Jordan and Israel are negotiating a gas deal, according to officials from the Jordanian government sources. Both countries have in the past faced numerous difficulties with unreliable supplies from Egypt.
Jordan’s Arab Potash Company (APC), one of the world’s largest potash producers, “is in contact with its Israeli counterpart through the American oil and gas firm Noble Energy to examine the possibility of importing gas,” Jordan’s Minister of Energy said in a statement, AFP reported on Monday, February 18.
“The gas available in the Dead Sea area is a clean and inexpensive source of fuel and the company seeks to use it for its factories on the Dead Sea. But no agreement has been reached so far,” the minister said.
APC’s main shareholders are the Jordanian government, which owns around 26 percent of its stock, the Potash Corporation of Canada, with 28 percent, and the Saudi-based Arabian Mining Company with 20 percent.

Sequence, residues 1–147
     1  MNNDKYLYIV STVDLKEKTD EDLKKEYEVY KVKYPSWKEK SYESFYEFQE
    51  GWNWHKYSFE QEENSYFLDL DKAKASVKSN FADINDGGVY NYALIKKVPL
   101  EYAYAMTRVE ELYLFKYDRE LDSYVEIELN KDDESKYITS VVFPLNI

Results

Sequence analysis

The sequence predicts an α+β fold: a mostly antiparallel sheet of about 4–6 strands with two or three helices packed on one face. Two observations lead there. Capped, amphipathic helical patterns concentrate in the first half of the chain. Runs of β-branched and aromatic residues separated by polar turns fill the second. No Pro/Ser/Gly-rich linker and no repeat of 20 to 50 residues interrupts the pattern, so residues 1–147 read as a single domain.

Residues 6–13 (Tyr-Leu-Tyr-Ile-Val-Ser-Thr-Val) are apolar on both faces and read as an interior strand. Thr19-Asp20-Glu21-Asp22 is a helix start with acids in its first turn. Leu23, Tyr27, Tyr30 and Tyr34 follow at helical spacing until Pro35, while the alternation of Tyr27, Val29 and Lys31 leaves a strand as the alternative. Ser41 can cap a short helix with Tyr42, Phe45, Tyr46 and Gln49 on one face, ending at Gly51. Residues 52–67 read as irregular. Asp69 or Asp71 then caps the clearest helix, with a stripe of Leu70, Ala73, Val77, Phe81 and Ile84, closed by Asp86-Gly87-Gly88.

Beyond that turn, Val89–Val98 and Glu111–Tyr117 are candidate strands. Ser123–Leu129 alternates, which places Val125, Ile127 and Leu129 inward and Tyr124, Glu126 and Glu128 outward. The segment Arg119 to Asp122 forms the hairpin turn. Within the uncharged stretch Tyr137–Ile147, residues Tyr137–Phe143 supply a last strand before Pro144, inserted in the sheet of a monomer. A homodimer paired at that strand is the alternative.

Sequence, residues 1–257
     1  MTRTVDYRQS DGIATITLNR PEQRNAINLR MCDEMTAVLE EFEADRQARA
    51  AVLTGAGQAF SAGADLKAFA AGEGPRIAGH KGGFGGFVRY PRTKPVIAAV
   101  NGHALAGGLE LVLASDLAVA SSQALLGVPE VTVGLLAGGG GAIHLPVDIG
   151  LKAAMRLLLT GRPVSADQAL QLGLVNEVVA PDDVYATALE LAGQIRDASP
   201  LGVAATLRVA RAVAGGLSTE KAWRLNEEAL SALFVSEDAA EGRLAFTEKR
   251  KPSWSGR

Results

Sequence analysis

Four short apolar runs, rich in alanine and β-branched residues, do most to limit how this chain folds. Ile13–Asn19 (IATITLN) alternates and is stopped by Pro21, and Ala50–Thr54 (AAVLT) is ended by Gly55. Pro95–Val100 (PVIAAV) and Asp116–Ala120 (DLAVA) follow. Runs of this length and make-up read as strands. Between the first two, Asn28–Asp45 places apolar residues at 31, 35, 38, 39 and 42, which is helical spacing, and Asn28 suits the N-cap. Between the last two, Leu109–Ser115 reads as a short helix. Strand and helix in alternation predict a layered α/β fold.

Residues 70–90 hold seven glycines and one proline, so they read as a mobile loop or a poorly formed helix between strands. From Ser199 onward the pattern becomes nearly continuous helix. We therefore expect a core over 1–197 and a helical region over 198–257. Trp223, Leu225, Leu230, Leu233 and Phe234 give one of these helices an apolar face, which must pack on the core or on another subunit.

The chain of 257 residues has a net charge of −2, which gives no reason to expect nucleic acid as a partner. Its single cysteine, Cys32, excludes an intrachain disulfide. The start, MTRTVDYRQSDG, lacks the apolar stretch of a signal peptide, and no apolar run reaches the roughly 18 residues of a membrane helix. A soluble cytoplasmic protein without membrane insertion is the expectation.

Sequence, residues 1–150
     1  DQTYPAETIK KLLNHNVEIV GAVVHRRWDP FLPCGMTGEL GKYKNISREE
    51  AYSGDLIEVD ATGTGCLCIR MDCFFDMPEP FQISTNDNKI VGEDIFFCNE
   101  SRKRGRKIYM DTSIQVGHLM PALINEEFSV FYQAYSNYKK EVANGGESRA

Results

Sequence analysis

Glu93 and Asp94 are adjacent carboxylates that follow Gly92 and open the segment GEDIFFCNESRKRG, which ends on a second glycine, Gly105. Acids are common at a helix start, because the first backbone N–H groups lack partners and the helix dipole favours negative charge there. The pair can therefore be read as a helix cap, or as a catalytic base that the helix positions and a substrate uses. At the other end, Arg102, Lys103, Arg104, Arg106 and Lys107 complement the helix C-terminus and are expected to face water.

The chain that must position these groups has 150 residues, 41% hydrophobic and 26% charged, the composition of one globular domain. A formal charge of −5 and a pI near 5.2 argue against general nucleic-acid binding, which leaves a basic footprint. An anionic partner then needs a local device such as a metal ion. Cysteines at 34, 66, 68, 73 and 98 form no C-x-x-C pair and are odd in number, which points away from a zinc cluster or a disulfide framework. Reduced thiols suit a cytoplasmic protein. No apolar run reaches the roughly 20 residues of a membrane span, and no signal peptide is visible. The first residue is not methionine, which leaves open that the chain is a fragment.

The firm has said its 2012 net profits fell 34 percent to 198.8 million dinar ($280 million), mainly due to lower global demand and high fuel costs.
Up to this point, Egyptian gas has covered 80 percent of the kingdom’s electricity production demand in Jordan, which imports 95 percent of its energy needs.
But the daily gas flow to the energy-poor kingdom has dropped from 250 million cubic meters (8.8 billion cubic feet) to around 130 million cubic meters due to repeated terror attacks targeting the Egyptian oil and gas pipeline.
Similar gas supplies from Egypt to Israel that were part of the two countries’ peace agreement were unilaterally cut off in April 2012 due to the constant terrorist attacks on the pipeline and vehement objections from the ruling Muslim Brotherhood faction, which calls for an end to the treaty with Israel.